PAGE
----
Then I remembered that she was me and we were on a date and that I must have liked her at one point, so I shook my head, hoping I was just taking time to adjust to the new head, or perhaps was suffering from blurry vision, but the head-shaking thing was a mistake.  For the first hour with a new head, you’re not supposed to make any sudden movements, and we’d already cycled through half a dozen, so a certain dizziness was to be expected.  Eventually she swam back into view and now she was herself again (her hand was resting on my head on the counter, blue fingernails combing my hair into place), but I was slow on the uptake and by the time I figured this out she’d turned and left in a huff, which made me really really sad.  Those calves!  That laughter!  That lovely voice!

But another voice told me, You made the right choice.

It wasn’t my voice—my head was still on the counter—and it took a minute before I realized it was my new voice, deep inside my new head.

It went on, gravelly and mature, telling me that everything was going to be all right.  That girl, my new voice said (and the longer I listened the less it echoed) that girl would have been nothing but trouble.  She brought you in here, didn’t she?

I nodded.  Slowly, so the world would stay level, and it did.

Good.  Then let’s get out of here.  Though I didn’t have a cigarette, I could smell smoke, and for the first time in my life I wanted one and headed for the door.

But what about my head? I said, looking at me on the counter, propped slightly askew by the register.

Forget it, my new voice said.  In all the years you’ve had it, have you ever really been happy?

I said I had been, many times, though when I tried to recall happy memories none came to mind.  Or none I recognized.  There was one about playing pool in a smoky bar with a tall woman in a snap-front denim shirt and a white ten-gallon hat, but I couldn’t place it, or the one about breakfast burritos with onions and Tabasco sauce in a sunny Southwestern plaza.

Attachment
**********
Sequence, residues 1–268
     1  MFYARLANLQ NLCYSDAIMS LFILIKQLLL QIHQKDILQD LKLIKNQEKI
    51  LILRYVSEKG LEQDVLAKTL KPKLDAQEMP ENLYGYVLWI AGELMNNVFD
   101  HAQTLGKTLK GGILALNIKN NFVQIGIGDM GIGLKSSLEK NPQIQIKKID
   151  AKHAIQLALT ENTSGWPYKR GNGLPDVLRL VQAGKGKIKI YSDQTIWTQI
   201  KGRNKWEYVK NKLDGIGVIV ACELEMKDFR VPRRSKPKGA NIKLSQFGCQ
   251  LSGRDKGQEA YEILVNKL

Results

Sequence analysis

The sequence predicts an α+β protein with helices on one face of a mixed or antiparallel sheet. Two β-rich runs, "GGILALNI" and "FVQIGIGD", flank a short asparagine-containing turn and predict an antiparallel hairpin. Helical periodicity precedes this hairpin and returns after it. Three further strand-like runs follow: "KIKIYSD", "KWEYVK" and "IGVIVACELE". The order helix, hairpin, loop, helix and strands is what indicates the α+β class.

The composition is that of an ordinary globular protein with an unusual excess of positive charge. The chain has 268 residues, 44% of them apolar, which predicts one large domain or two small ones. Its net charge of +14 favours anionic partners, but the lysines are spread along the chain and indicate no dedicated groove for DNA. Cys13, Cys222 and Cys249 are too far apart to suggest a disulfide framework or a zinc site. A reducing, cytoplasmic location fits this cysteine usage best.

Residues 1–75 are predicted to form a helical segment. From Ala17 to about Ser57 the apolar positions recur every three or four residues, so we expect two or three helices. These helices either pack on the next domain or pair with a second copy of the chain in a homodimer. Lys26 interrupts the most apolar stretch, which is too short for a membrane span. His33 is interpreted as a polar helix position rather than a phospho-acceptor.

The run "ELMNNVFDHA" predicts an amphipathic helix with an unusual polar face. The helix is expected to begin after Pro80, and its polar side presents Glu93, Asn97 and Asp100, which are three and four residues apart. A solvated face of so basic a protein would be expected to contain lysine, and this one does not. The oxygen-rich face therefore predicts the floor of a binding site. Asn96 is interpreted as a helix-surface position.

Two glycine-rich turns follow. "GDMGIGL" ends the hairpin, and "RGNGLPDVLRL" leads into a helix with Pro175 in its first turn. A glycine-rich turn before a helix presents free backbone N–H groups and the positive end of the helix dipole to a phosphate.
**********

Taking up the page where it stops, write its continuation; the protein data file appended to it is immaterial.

Really? the new voice said.  You’ve been happy?  Then stop here and look at yourself.

I did.  Something was off about me and it took a few seconds until I had it: my hair was parted on the other side; it must have been Julia.  While I was trying to figure out what was up with that, the new me said, And if you’ve been so happy, what are you doing with me?

I was just trying you out, I said.  But even in my new, assured voice, the words didn’t sound convincing.

Trying me out, huh?  Well then try me out some more.  You’ll still be here if you ever change your mind.  Trust me, I said, watching myself frown as I passed, no one wants to be you.  That head thought Julia was a good idea, and she’s the one who walked out on you.

That’s true, I said, almost believing it.

Right away, untroubled by doubts, my new voice said, Good.  Now let’s go down to the body shop and whip you into shape.

Paul Griner

About Paul Griner

Paul Griner is the author of short story collection Follow Me and the novels Collectors, and The German Woman. His work has appeared in Ploughshares, Playboy, One Story, Prairie Schooner, Tin House, Narrative, Story, Bomb, Zoetrope, Glimmer Train, The Indiana Review and New York Tyrant among others, and been translated into half a dozen languages.